Wild.... Thanks for lending a hand too. Much appreciated.

Bluegrassmom... Hi Teresa ! Poison probably said it better than me. Only thing I might add is this is a swap where you bring to the feed trough what you have. Some folks are new to gardening and just learning to grow and save seeds. Some folks just go out every year and buy seeds, keep what they need or want for their season and share the rest. Some folks do both.

There has been times when folks may have listed the seed they have to offer and nobody oinks for it or only a few folks due. That doesn't stop you from oinking from seed from other people. It happens occasionally as maybe folks already have plenty of that seed.

Those folks that come into this swap give from the heart and from the joy of giving. Some of the joy they get back is in seeing folks come and posts pics of the seed they got and have managed to grow. Folks come, they pick their seed, at some point hopefully they will try and grow that seed and than come back and share those seeds with others that come. Paying it forward. There has even been cases of long standing piggies with huge gardens and lists that have lost plants for one reason or another and come back hoping somebody may have that seed again to share with them.

All types of seed are welcome. You never know what somebody wants or feels they just have to have to grow. The only thing I ask is that folks don't list a bunch of tree seeds unless they are specifically listing them for somebody who has them on their wish list. Very few folks want shrub or tree seeds. The few who do will generally ask if anybody has them. Flowers that are common to rare, strange to unusual, veggies, wildflowers, herbs, medicinal plants are especially welcome. Thumbs up

You really should consider joining. It's not a hard swap at all. The big thing is have fun, make new friends, share knowledge, give what you can, get a bunch of seed from the troughs, get covered in mud, a tail pulled now and then. Biggest thing is always treat your fellow piggies and new or old gardening friends with consideration and respect. Thumbs up

Oct 19, 2014 12:33 PM CST
Name: Sandy B.
Michigan UP (Zone 4b or 5a)
Teresa, I hope you'll go ahead and join the swap -- although this is my first year to do so, I've "known" many of the swappers for a long time, from the Dave's Garden, Cubits, and All Things Plants sites; this is a great bunch of people and a good chance to try growing some different things and having more fun getting the seeds than just ordering from a catalog or buying at a store! Smiling
"I am still learning"~~ Michelangelo
National Gardening Association
Oct 19, 2014 1:00 PM CST
Name: Michele Roth
N.E. Indiana
poisondartfrog wrote:

Chelle, are you sharing your garden with Finches, Gold or House? They beat me to Centaurea seeds among others if I don't get there first.

Yes. Lots of them. Now that you mention it, I have seen them in that area more than almost any other...even the sunflower areas get a bit less finch traffic. I hadn't put two and two together before this...thanks!

Oct 19, 2014 4:06 PM CST
Name: greene
Savannah, Georgia, USA
Hi there, I remember you from another site where I had a different user-name. (I'll send you a C-mail)
You will love it here. Everyone is very nice and very helpful. You do not need a lot of different seeds to join. You can buy some interesting seeds at the store, break the packs into smaller packs, and add those. You can ask all kinds of questions and someone will jump in to help you run to the piggy trough. I will admit, it is a little difficult to learn to 'oink' for seeds, but you will get the hang of it. We have FUN. Hurray! Hurray! Jump in. Rolling on the floor laughing
Oct 19, 2014 4:11 PM CST
Name: Misti
Fate, TX
Anyone have any tips for saving seed from Tiny Tim tomato? I harvest ripe ones but when I cut them open I don't really see any seed.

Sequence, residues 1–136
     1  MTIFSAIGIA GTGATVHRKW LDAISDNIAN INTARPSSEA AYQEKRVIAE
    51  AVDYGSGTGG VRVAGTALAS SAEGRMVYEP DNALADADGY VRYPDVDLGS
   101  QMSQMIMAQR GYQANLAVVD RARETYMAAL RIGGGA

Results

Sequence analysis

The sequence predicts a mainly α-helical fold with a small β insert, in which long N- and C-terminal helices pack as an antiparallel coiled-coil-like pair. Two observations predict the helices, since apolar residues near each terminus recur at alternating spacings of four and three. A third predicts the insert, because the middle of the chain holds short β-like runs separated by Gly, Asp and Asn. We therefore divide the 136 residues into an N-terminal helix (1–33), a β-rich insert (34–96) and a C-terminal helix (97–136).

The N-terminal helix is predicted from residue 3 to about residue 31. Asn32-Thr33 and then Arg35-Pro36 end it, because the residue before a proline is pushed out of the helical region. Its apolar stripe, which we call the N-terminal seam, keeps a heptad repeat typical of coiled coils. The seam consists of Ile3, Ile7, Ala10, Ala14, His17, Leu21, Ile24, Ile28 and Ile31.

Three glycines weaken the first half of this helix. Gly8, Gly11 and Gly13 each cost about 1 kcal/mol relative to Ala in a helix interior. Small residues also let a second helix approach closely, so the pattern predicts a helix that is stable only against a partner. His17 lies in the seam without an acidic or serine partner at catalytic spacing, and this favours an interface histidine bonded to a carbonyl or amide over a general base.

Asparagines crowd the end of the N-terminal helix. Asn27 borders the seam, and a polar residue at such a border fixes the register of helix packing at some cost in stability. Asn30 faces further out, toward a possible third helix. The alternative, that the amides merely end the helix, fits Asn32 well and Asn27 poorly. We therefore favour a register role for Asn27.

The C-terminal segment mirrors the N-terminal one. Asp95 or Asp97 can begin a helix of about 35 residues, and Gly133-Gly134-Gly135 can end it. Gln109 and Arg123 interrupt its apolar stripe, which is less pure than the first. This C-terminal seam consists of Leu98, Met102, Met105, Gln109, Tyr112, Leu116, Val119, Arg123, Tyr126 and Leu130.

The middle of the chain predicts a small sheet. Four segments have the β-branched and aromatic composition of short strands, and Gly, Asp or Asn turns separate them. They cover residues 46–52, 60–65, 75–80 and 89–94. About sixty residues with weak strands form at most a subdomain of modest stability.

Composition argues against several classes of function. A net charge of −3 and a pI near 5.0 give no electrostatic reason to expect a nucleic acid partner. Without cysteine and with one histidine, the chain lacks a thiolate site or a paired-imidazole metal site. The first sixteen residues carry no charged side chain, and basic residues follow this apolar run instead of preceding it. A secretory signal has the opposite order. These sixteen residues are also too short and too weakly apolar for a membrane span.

Oct 19, 2014 5:07 PM CST
Name: starlight1153 Zone 8a/b
Misti.... I don't know how anybody else does it, but for tiny tomatoes to get the seed out of even if it just a couple. I scoop out the inside as best as I can , or just squish it into a small glass. I eat the outside part.

I cover with just a little bit of water, about double the water of tomato mush you have and gently stir it up with a spoon, and mash the innards against the side of the glass.

Than I put a piece of plastic or wax paper or a plastic lid eve if it bigger. Anything to cover it and let it sit for about 5 days.

At the end of the five days, uncover, add enough water to almost fill the rest of the glass. Stir it up. Will look gross with all the mold, but that ok. I generally use a straw to mix and than toss it.
After stirring, let it sit again for a bit and you will see the good fermented seed on the bottom.

Carefully tip the glass and dump the mold and gunk on the top off. Just watch you don't pour out your good seeds.

Add more fresh water, swish around, let sit for a bit, and dump off like above any icky parts that had floated to the top.

Now all you should have is your good seed in the bottom of the glass. For them teeny tiny tomato seeds, I strain through a coffee filter or sieve with very tiny screen. Than transfer to a plate , let dry good and you ready to go.

I used a paper towel before and that was a pain. All the seed stuck to it and took forever to get each of them tiny seeds off of it and onto the plate.

I do the above even if I only have one tiny tomato to save seed from.

Speaking of tomatoes. Yippeee!!!!!!!!!!! I happy as can be. Texas Star is now in the blush stage, finally, and boy does she look pretty. Will try tomorrow and take a pick. Now just to wait for the red stage. Oh ya. Oh ya. Not gonna do a real happy dance yet til I have them vine ripened, picked tomatoes all done in my hands.

And I had to water and while I was at it I started trying to check some of the Salvias to see if any are making seed. I need my hummers back. All these blooms and no hummers to pollinate them. While I see where some seed is starting, but not mature, I looked over at the Echies and also at the Veronica .. First Glory. The one I offered seed from last year as a free oink because I didn't think it would do anything. Well I realized what I did wrong. I finally found the seed. You can't let the stems dry all the way as the tiny balls of seed hide along the raceme stem. If the stem all dry, the seed done been dropped.

I gathered some of the seed that I seen that was ready, won't be a lot as I just discovered my mistake , but should be enough for a few oinks. Always something new to learn in the garden. Thumbs up